From Mummy to Credit Card-A Lesson from 100 Objects

The British Museum, England's single most visi...
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If you unfold the small black guide-book to the British Museum and look at the bottom of the page you will find a section called “A History of the World in 100 Objects“.  From a mummy to a credit card you are guided through a detailed journey of life and man. Empires and nations are consolidated to pottery from Mesopotamia, coins of Croesus, Harem wall paintings, jade cups, and Victorian tea sets. The title, taken (and I believe inspired)from a BBC program of the same name, is a great way to draw those of us who are not as naturally enamored with history into the amazing events that mark the past and affect the future.

I am a present day person, preferring to wander through the local supermarket and delight at what people are eating and doing in the present day of a country with which I am unfamiliar. I notice herbal teas to shampoos that differ from mine and listen to conversations that will orient me to what others find of interest in this new setting. But this display at the museum caught my attention and moved me to a place of wonder and awe and terror. From the beginnings of  literature and science to economies, religions, and wars – we are quite a group of people! A group constantly in need of checks and balances, displaying the human condition far more graphically through our past than anything Hollywood could ever create.

Given some of my recent posts on identity and the world of the third culture kid, I realize this is not the best display to walk through if  one is having any kind of identity crisis. You could be reduced to a mere nanosecond in the bigger picture of time, left with a paralyzing sense of smallness. But for me it was the opposite. As I looked at several of these pieces, I was left with a far larger identity. Mummies are stared at, formerly human beings with lives and personalities, now laughed at by school children. Credit cards are denied or expire.Pottery may end up restored, or crumbled, depending on the excavator and importance of the empire.  As one with a soul, I am comforted that I am far more than pottery in the hands of a Creator. A Creator who has been there since the beginning and hasn’t given up on us yet, far more interested in restoration and preservation than any museum could be – and for that I am eternally grateful.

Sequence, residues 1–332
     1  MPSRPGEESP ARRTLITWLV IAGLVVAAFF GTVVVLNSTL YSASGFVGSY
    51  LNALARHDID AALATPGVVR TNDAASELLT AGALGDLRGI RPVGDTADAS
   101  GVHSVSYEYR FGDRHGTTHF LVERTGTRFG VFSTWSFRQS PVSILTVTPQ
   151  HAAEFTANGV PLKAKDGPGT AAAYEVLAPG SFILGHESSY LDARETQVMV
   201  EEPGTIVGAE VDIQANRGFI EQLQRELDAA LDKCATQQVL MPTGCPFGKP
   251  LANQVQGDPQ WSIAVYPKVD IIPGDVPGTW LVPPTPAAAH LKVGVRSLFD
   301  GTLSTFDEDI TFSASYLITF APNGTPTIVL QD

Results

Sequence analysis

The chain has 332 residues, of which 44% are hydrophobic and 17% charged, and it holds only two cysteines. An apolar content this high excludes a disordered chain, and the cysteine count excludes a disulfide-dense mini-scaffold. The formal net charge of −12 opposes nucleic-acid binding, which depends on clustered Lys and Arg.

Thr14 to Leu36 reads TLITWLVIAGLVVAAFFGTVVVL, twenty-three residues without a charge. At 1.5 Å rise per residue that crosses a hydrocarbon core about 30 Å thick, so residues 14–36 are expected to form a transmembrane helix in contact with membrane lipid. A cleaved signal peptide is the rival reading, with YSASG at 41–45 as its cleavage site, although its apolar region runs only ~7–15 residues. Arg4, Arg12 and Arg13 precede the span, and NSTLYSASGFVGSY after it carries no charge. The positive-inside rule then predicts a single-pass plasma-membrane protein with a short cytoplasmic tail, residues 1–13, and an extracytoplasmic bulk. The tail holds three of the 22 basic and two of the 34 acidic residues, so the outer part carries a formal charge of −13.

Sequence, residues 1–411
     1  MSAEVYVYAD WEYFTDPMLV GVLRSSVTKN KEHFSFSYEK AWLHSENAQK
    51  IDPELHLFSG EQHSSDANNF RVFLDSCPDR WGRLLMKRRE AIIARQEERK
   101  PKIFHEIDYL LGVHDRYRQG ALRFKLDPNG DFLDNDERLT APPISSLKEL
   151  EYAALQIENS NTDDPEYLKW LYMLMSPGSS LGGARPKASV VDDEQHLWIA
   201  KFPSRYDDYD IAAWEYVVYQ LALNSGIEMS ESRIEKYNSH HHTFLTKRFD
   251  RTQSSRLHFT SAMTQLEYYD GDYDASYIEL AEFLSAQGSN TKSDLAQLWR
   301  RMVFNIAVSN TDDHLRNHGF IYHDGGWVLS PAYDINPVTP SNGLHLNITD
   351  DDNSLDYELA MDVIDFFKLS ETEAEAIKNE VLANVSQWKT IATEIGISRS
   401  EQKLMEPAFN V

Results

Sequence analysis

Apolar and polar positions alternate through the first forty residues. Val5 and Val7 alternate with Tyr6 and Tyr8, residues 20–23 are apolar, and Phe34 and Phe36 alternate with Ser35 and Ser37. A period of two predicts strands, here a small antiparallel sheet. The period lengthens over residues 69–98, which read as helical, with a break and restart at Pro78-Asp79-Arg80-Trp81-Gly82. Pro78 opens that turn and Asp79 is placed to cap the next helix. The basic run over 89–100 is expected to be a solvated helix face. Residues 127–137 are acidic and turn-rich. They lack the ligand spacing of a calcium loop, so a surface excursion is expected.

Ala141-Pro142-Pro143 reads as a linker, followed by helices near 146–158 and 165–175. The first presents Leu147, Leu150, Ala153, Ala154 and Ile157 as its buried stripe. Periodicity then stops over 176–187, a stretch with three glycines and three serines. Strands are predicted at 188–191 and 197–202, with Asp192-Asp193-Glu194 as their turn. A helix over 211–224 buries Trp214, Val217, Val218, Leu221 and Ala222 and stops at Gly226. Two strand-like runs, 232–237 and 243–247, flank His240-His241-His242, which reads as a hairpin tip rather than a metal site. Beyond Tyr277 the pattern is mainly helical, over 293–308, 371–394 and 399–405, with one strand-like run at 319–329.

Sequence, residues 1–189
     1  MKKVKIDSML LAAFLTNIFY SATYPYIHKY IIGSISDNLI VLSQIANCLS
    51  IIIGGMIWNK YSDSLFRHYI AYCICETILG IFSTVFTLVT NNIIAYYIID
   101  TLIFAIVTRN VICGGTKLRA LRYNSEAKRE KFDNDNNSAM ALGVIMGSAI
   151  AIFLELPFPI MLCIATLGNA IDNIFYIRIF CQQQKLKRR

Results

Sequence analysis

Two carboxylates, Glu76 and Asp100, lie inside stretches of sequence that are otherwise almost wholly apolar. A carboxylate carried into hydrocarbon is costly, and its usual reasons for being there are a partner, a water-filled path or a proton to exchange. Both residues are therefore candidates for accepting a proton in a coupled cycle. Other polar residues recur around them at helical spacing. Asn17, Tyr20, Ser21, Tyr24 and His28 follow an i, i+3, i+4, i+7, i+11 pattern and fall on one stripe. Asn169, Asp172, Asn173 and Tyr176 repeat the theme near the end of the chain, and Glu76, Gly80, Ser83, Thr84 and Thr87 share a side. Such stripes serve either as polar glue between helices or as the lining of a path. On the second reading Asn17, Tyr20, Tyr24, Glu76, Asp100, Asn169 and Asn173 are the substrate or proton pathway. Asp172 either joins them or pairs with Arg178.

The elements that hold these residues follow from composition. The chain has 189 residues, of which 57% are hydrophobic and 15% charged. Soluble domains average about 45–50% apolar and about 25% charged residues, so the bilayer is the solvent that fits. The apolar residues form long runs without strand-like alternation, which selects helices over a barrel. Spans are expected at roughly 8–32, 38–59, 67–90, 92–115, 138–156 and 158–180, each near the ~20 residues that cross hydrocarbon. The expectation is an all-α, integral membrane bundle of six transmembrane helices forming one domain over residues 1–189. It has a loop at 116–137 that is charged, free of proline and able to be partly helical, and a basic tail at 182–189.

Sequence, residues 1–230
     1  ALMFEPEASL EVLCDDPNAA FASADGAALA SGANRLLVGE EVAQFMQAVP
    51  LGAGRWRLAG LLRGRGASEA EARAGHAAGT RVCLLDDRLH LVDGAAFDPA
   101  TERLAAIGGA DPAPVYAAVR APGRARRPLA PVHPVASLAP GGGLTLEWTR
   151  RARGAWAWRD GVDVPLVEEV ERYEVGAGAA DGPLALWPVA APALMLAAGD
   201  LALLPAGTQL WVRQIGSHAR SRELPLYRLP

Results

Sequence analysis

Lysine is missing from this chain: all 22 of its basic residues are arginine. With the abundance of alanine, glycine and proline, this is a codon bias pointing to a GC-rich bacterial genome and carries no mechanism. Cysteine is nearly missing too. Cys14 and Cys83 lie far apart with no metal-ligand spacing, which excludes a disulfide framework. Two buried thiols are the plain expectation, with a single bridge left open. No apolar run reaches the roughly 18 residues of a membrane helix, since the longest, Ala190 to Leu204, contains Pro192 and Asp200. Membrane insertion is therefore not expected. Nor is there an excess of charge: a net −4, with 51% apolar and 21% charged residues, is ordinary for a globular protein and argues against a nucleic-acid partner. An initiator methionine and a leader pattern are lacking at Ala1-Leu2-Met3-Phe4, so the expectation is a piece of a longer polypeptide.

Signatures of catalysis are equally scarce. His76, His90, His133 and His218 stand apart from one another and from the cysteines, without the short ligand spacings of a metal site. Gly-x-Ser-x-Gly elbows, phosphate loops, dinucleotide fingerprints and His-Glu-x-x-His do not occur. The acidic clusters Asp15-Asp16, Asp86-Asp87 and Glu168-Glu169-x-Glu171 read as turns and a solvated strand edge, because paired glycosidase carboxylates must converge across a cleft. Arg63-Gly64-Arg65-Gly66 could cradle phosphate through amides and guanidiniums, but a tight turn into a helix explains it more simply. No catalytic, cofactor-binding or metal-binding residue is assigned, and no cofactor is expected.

Bloggers note: Soon after posting I received a comment from Jonathan Addleton – a great friend from Murree days and well beyond. He states that his wife “Fiona’s second cousin Neil McGregor is director of the British Museum and author of the best-selling book “One Hundred Objects” on which the section of that guide book you refer to must be based”. Indeed – yes! I saw the book at the museum and wanted to purchase. For those of you reading with a connection to Murree and Fiona and Jonathan it is a fun fact!

4 thoughts on “From Mummy to Credit Card-A Lesson from 100 Objects

  1. I haven’t met Fiona Addleton – it would be lovely to do so.

    My John started at the BBC in 1941, aged 19, before even I was born. He was with the World Service from about 1955, so was broadcasting to Pakistan while I was there. He knew French but I think he knew the intro to World Service foreign language broadcasts in X number of languages and would regale me with this in anything from Polish to Azerbaijani. John was sad at the decision to reduce the extent of foreign language broadcasts.

    At the moment Radio 4 and the World Service are broadcasting “Letters to the Arab World”, written and delivered by men and (this morning) women citizens of various Arab nations. Fascinating stuff.

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    1. What an interesting life for your husband! I would love to hear more of his stories. Thanks for letting me know – my parents will love to hear this as I’m sure would so many others who relied on BBC throughout their years in Pakistan.

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  2. Wilma – how I wish I could have met your husband and thanked him! To this day it is my favorite station. For those of us who lived overseas, it feels much more balanced than our American radio broadcasts. One of my earliest memories is a blackout in Murree during one of the wars and the BBC theme music early morning and late night. To this day I can hum it.
    I look forward to listening to the BBC programmes. You’ve met Fiona correct?

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  3. Neil McGregor’s beautifully modulated Scottish voice took us through the 100 objects on BBC Radio4. So glad you could see the 100 objects.

    Thinking of the BBc: my husband transmitted for the World Service, all those fuzzy broadcasts we listened to in Pakistan.

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